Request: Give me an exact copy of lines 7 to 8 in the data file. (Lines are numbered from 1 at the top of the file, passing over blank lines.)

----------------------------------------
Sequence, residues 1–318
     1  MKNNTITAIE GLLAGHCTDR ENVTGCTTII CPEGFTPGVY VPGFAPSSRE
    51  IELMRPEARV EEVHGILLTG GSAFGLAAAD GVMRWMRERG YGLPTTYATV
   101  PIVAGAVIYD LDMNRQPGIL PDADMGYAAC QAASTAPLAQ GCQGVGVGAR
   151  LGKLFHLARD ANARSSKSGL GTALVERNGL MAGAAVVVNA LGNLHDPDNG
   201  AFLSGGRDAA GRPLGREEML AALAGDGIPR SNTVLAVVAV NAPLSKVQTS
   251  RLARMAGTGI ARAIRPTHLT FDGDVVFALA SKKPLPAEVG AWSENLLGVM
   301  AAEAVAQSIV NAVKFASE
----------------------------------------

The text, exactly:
   251  RLARMAGTGI ARAIRPTHLT FDGDVVFALA SKKPLPAEVG AWSENLLGVM
   301  AAEAVAQSIV NAVKFASE